Your Facebook questions answered: Inflammatory foods

RGBstock photo-somadjinn

RGBstock photo-somadjinn

“Have you known anyone who has done the diet where they removed all inflammatory food intake, Rosie? I’ve heard of one person it’s apparently worked for in terms of her arthritis pain . . .”, asks Enlightened Eater Facebook fan Karen Resta.

Karen, the area of  inflammation and disease  is certainly emerging as  a key issue in nutrition and disease prevention.  It is, though, a very complex one.

It’s now known that inflammation is not only linked arthritis but also to a growing list of chronic illnesses  such as heart disease and stroke, Alzheimer’s disease,  diabetes and even some types of cancer.

Researchers can now assess various diet and  lifestyle factors through measuring blood levels of inflammatory compounds (such as  C-reactive protein (CRP) and cytokines) in relation to these various ailments. Consequently, they have made great strides in identifying both sources of inflammatory and anti-inflammatory dietary patterns.

But here is where it can get complicated. If you focus on specific foods alone, you may not reap the rewards.  Research is showing that individuals may respond differently to  the various  compounds in foods due to their genetic make-up.  This area of study, nutrigenomics, or  nutritional genomics, is a somewhat  new field of investigation where scientists are determining the impact of various foods and their constituents along with nutrients on specific genes of an individual.

It’s what called gene expression. Certain genes may be turned on or off by specific foods. So that one person who cut out particular items from their diet may have eliminated arthritis pain by doing so but for another, there may be no relief in sight.

As a result, as a dietitian, I would suggest putting the focus on  the pattern of eating rather than on individual foods. And there is indeed science to back this up.

Research shows that certain patterns rev the inflammatory process while others calm the fires of inflammation. Therefore it’s important to aim for both: avoiding inflammatory triggers and including anti-inflammatory foods.

Here are a few inflammatory triggers to modify or get rid of:

•    Increase your omega-3 to omega-6 fat ratio
Omega-6 fats (from sources such as corn, sunflower  and safflower oil)  possess inflammatory properties while omega-3s (found in cold water fish such as salmon and sardines, along with plant sources such as walnuts, flax, canola oil and dark leafy greens) offer anti-inflammatory action.  Many experts blame this imbalance on a variety of inflammatory conditions.

•    Lighten your glycemic load
Eating too much in the way of  foods with a high glycemic index (GI), such as sugar and refined grains,  is a known promoter of inflammation.

•    Trans fats
These fats are just plain toxic to the body and should be avoided by everyone. In the U.S., regulations are in place to rid them from the food supply. Not so in Canada where the government, in spite of pressure from health groups, says voluntary measures are adequate.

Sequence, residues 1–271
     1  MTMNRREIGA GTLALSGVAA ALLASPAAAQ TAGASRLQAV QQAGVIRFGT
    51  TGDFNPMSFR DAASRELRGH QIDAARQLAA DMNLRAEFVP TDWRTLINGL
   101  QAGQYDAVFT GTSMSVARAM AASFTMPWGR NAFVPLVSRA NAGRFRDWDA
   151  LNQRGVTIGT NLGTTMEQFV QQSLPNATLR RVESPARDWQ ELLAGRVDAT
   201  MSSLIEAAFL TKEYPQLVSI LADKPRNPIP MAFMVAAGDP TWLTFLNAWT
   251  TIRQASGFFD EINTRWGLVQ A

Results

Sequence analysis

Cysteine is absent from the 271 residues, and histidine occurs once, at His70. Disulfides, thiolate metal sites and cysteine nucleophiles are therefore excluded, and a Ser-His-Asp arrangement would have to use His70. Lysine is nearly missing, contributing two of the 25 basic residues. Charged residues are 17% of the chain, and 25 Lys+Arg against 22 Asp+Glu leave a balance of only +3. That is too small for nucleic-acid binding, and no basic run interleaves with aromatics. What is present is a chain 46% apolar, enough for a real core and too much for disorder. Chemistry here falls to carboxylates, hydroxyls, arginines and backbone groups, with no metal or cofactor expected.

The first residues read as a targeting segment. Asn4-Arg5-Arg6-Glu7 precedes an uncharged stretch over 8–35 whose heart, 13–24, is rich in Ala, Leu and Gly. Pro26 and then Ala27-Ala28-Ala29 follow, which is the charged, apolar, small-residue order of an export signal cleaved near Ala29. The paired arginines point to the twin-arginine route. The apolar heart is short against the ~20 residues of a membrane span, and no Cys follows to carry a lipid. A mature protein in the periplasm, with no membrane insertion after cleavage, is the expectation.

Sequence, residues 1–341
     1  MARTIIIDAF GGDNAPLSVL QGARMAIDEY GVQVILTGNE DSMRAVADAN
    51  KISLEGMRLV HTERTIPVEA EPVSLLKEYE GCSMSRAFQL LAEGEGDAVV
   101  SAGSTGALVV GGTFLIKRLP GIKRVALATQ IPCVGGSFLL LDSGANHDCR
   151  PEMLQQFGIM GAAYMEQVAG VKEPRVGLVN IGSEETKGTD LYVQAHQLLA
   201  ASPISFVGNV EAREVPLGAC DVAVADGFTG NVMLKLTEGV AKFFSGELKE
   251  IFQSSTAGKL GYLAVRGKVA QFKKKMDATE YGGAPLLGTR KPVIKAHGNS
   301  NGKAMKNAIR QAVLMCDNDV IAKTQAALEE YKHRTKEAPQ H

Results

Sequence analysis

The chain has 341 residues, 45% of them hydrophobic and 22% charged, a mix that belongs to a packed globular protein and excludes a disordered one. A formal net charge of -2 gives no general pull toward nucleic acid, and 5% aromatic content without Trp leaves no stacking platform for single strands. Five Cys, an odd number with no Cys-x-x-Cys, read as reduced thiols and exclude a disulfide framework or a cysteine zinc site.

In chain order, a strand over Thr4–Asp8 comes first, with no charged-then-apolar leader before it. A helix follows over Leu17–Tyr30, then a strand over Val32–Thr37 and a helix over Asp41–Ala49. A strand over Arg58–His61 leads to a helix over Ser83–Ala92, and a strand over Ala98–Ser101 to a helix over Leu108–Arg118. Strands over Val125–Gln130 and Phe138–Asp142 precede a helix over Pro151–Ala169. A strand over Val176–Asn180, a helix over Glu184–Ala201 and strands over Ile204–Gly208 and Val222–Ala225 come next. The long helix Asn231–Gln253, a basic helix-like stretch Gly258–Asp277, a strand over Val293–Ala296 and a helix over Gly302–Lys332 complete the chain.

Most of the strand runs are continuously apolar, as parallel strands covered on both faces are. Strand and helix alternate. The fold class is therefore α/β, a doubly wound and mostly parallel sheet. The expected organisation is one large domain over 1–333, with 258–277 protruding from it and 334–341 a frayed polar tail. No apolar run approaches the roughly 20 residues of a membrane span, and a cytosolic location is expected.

•    Slash your Ages
Advanced glycation end products (AGEs)  are compounds produced through high temperature cooking and frying.  Decreasing your AGEs consumption will help to reduce your inflammatory load. As for upping your anti-inflammatory weaponry,  here are a number of strategies to keep in mind.

I think you can see, Karen, that the issue of inflammation is indeed complex. But for a simple strategy,  consider that the Mediterranean diet is thought to be a regime that minimizes inflammatory action.


Have you put a focus on eliminating foods that promote inflammation while boosting your anti-inflammatory choices? What success have you had? Please share in the comment section below.

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Categories: Your Questions Answered

Author:Rosie Schwartz

Rosie Schwartz is a Toronto-based consulting dietitian and writer.

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4 Comments on “Your Facebook questions answered: Inflammatory foods”

  1. Fern Sanders
    October 8, 2014 at 7:52 am #

    Going off Nightshades and oranges helped me. The original list of inflammatory foods I was given was huge so I concentrated on what I could handle. There are times where I will occasionally stray but this seems to have somewhat helped me.

    • October 8, 2014 at 2:33 pm #

      That’s great to hear, Fern! You’re lucky that you chose the foods that brought you relief rather than unnecessarily eliminating a whole range of foods. I’ve seen many clients that have eliminated those particular foods with no symptom relief. It seems to be about the genes!

  2. October 8, 2014 at 9:30 am #

    I am in the process of reducing inflammatory foods from my diet. I’m a southern girl and felt like I couldn’t eat anything I’ve had all my life and gave up. So now I am working on adding anti-inflammatory foods to my diet. The first think I did was make a green smoothie with anti-inflammatory ingredients. I have one everyday and I can already tell a difference in my joint pain. I am working on changing how I cook.

    • November 8, 2014 at 10:58 am #

      It’s great to hear that you are working on both adding anti-inflammatory foods while reducing the inflammatory foods! All too often, people focus on what they’re cutting out rather than what they are including. This way you can get much more of an impact. I hope your pain keeps diminishing!

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